This option should only be used if you want to PRESERVE the off-pixel positions of elements of your drawing.

 

These two options work well with the Pixel Preview Mode.  You will then see that "Move by whole pixels" is intended to preserve the pixel contribution of vector elements that you have already carefully placed.  It is less intended for use while designing, and more for when you want to take existing elements and reposition them.

 

 

As for all the other snapping options - they do all work together.  There is no real mystery - snapping always snaps to the closest thing in line with the object you are moving.  If the closest thing is less than a document (not screen) pixel away (and within snapping tolerance) then it will snap to that over snapping to pixel boundaries.  It really is only doing what you ask it to do.

If you have pixel and grid snapping on, the two will work together - it's up to you to configure your grid so that it doesn't fight.

 

 

There is one additional thing to understand about "Force pixel snapping" - it will always happen if no other snapping occurs - it isn't restricted by the snapping Screen tolerance setting.  So, if you zoom right in, you'll see that you can align to other objects only if within snapping tolerance - and that includes Grid lines.  But, if you don't find a snap, your object will instead always snap to a pixel boundary.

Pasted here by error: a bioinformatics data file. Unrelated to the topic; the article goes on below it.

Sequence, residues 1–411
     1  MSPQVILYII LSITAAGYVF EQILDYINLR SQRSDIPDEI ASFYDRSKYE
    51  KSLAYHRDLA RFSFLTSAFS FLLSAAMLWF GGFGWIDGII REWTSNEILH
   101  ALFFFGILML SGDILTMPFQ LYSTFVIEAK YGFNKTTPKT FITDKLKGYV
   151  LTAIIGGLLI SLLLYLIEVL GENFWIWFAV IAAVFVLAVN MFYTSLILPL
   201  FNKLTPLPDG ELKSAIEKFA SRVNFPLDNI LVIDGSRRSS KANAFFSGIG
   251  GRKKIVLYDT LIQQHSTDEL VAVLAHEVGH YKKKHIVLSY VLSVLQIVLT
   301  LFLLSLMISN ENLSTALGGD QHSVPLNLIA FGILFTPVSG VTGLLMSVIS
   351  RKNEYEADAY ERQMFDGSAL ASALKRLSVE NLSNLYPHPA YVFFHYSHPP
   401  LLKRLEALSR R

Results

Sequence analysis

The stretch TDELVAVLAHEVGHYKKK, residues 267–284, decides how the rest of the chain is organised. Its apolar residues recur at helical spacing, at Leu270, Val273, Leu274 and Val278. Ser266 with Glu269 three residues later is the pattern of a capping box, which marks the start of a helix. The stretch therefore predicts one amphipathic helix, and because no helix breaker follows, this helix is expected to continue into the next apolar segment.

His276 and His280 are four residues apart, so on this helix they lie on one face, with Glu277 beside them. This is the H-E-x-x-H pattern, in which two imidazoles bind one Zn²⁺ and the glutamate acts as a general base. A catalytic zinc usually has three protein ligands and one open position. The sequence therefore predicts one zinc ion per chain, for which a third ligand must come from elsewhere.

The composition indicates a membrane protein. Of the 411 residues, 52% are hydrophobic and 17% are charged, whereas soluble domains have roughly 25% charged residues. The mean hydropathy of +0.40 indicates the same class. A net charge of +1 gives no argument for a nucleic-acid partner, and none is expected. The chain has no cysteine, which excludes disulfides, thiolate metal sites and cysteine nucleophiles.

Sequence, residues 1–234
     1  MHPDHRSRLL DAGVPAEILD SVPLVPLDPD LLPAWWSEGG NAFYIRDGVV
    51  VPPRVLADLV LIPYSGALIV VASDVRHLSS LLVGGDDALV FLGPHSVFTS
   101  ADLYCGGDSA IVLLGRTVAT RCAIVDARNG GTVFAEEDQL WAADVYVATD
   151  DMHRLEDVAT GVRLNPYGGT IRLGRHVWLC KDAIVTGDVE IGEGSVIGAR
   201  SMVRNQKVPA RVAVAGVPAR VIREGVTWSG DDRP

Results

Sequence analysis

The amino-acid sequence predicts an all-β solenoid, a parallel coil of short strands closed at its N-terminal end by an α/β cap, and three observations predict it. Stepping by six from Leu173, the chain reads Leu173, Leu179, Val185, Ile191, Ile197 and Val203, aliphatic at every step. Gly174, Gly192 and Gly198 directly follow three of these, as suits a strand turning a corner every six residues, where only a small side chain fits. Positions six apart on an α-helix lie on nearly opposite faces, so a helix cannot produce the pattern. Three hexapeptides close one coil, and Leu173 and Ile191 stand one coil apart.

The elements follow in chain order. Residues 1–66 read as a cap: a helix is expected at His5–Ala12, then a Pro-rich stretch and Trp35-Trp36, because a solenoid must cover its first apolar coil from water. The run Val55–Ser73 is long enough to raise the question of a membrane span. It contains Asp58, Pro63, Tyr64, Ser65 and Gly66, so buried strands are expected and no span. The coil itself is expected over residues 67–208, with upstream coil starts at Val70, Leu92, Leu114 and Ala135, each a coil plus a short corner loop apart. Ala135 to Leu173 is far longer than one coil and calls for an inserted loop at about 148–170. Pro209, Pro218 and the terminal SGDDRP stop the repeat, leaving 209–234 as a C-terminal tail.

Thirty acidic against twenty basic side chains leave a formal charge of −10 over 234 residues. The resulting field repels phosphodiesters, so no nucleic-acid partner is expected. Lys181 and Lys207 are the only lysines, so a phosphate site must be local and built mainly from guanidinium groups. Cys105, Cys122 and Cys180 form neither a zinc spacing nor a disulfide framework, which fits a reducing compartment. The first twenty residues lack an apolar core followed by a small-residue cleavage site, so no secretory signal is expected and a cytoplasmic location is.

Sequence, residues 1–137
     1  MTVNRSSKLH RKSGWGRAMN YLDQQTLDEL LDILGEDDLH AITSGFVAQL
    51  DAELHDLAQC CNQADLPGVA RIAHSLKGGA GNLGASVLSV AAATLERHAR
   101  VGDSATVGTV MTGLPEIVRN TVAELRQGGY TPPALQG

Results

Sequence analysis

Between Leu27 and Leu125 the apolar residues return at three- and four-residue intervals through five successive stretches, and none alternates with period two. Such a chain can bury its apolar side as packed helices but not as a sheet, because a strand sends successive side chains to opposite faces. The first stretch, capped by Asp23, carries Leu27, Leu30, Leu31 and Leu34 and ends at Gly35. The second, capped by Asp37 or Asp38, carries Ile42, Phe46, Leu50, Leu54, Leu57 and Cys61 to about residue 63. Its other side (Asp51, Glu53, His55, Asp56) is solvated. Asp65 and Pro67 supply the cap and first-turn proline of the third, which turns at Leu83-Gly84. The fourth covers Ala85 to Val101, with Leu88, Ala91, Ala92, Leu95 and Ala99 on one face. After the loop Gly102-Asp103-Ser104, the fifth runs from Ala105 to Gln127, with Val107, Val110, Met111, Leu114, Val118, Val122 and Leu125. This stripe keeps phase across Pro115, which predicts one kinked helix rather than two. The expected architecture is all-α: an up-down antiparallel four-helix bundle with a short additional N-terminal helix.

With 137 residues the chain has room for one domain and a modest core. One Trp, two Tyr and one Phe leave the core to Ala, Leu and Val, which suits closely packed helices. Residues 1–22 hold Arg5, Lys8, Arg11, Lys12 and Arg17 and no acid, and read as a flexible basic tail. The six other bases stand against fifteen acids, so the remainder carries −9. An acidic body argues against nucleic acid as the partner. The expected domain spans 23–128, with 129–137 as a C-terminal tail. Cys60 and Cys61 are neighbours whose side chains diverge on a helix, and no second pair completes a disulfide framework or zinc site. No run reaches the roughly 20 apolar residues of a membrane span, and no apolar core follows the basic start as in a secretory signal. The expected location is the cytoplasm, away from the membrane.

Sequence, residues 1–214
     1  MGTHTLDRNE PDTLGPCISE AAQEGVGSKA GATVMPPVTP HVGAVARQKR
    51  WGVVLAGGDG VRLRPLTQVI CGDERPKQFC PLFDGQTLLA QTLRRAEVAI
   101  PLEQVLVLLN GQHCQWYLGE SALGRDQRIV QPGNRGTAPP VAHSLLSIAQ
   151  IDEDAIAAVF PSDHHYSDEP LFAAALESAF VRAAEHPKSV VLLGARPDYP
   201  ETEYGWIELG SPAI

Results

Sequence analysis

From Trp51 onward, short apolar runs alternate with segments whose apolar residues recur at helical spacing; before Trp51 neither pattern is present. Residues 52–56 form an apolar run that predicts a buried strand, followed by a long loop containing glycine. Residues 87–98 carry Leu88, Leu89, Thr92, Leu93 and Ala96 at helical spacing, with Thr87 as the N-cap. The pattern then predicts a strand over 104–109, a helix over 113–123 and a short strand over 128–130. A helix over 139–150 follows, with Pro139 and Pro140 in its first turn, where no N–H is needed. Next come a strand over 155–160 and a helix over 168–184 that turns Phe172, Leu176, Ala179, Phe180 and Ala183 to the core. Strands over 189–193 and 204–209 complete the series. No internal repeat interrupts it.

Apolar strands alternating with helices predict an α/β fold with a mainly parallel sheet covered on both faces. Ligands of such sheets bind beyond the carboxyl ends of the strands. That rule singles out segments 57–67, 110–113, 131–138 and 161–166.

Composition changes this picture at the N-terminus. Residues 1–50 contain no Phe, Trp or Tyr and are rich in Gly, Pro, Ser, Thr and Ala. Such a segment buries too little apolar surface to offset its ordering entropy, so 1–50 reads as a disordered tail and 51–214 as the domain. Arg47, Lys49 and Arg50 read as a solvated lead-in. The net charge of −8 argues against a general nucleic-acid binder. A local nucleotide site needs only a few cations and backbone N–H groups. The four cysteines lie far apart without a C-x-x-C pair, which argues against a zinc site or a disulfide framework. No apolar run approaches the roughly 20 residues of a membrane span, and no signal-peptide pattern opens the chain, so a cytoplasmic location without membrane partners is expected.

Pixel snapping also works independently in X and Y axis - so it will allow you to align to an off-pixel object in X, then if there is no other snap in Y it will align the Y to pixel.

 

I've been trying every options quite a bunch of time. 

It's true to say that moving object to one perfect pixel is possible.

 

But on a document already created witch has other objects not aligned correctly, it's seems impossible de go back to pixel perfect movement.

 

And it's only one issue, cause the other pain issue is that if you resize let's say a square object from the corner, it will (with any configuration) get digits...

 

So as we are saying here, that is not pixel perfect.

 

Did you knew there is a "UI design" preset in the list of presets and that almost everything is checked on !

 

So please, try to understand people saying that it makes AD quite complicated to work with in a pixel perfect way. 

 

OR i'm still missing something, and that is so tedious to me that i might be totally dumb or maybe it really isn't clear. 

 

( i tried again every configuration before posting )

 

And don't get me wrong, i love AD and AP. And i think you guys did a great work here.

 

But as my everyday software to work with, not being able to get workaround for these things drive me crazy.

 

Thx


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@Bento